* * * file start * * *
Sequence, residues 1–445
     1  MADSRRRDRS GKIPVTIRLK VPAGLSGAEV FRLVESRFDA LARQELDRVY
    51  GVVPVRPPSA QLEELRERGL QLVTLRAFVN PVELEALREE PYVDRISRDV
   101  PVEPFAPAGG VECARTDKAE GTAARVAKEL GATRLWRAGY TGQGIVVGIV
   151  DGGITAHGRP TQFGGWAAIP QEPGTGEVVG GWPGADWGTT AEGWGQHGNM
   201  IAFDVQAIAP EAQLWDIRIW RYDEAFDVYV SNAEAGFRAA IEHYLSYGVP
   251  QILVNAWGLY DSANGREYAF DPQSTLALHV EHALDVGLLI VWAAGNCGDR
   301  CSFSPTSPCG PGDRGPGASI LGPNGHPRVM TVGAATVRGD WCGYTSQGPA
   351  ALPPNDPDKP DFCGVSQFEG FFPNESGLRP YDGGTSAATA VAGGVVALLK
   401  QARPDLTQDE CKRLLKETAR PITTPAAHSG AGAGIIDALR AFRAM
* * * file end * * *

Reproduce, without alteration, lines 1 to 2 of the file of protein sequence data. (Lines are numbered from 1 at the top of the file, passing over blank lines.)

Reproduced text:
Sequence, residues 1–445
     1  MADSRRRDRS GKIPVTIRLK VPAGLSGAEV FRLVESRFDA LARQELDRVY